John Brownlee, writing at Fast Company:
But the new app finally gives the boot to the hideous absolute justification of text that the Kindle’s been rocking since 2007. The new layout engine justifies text more like print typesetting. Even if you max out the font size on the new Kindle app, it will keep the spacing between words even, intelligently hyphenating words and spreading them between lines as need may be.
The layout engine also contains some beautiful new kerning options. They’re subtle, but once you see them, you can’t unsee them: for example, the way that the top and bottom of a drop cap on the Kindle now perfectly lines up with the tops and bottoms of its neighboring lines. Like I said, it’s a small detail, but one that even Apple’s iBooks and Google Play Books doesn’t manage to quite get right.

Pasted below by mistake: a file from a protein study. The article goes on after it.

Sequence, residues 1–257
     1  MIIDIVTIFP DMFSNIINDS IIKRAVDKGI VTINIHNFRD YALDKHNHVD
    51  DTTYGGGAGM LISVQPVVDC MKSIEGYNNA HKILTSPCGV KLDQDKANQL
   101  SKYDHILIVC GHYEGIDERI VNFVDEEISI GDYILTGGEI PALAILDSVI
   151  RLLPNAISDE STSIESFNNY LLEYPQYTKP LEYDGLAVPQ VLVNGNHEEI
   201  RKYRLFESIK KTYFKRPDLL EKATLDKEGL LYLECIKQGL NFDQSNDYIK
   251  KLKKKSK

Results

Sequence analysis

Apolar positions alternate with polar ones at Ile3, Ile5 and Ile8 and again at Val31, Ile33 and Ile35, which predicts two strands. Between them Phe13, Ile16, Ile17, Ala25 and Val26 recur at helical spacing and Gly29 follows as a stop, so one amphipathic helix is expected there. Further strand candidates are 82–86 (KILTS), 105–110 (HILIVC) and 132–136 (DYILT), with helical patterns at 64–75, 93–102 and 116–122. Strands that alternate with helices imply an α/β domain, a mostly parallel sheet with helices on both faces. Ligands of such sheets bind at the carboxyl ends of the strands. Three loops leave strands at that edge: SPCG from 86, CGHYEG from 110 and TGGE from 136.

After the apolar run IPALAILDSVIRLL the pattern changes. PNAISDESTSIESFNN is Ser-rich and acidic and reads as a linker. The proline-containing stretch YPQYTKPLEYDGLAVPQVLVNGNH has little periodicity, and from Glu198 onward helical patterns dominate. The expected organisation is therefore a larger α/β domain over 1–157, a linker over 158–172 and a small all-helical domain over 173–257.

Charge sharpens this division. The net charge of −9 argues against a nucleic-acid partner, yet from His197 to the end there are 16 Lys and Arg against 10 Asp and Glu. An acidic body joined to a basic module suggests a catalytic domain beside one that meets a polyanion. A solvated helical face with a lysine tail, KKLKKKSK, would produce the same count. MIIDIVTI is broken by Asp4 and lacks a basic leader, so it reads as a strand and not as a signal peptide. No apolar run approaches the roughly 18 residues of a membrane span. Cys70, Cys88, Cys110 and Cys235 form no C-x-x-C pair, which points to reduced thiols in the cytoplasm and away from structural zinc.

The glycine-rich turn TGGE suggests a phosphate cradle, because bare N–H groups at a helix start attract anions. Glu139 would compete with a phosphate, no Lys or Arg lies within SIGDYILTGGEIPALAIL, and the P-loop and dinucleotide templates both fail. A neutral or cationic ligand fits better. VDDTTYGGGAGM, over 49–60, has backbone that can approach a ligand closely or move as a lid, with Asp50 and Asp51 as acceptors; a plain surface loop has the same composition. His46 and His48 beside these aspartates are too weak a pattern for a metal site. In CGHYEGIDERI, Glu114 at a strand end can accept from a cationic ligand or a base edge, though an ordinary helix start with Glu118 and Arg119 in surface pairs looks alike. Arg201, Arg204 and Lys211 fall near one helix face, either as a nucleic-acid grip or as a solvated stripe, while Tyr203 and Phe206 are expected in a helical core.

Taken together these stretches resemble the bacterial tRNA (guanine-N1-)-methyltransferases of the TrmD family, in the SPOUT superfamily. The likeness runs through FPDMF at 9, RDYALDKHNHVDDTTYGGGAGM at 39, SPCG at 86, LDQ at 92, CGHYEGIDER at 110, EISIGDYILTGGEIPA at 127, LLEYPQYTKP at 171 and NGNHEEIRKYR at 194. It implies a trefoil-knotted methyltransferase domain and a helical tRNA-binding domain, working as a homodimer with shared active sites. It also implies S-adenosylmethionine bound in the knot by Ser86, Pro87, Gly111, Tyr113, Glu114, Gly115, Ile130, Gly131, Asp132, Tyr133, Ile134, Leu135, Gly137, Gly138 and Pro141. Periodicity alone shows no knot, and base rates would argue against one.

I’ve always hated justification in my Kindle books. This sounds like a great update, but Marco Arment isn’t impressed, so take it with a grain of salt:
Now, hyphenation is being added (which Amazon is doing not by changing the client-side configuration, but by slowly updating their entire catalog of the books themselves to individually enable it, and it won’t apply to all books). Hyphenation is a big improvement for the books that get it, and makes justified text suck less, but it still sucks.